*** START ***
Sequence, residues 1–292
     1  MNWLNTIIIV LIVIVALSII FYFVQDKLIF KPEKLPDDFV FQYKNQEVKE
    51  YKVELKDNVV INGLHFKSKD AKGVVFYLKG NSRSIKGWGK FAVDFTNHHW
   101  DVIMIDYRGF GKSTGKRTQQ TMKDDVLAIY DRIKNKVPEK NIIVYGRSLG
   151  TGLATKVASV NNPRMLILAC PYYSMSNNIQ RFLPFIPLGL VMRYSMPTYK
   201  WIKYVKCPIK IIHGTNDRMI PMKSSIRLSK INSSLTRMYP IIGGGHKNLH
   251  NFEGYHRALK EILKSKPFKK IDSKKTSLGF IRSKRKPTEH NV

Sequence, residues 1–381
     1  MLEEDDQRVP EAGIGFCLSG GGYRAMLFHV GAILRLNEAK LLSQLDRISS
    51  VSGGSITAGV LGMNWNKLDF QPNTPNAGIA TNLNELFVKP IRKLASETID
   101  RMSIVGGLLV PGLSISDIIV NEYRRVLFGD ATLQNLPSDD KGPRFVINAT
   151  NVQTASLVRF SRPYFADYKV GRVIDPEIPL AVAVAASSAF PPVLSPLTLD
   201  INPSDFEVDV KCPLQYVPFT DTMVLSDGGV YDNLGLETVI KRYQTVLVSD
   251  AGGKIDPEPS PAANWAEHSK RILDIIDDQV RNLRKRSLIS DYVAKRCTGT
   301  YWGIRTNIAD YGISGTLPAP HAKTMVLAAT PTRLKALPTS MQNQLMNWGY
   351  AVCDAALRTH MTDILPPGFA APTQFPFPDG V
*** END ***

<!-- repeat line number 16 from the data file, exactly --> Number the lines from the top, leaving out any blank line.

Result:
   351  AVCDAALRTH MTDILPPGFA APTQFPFPDG V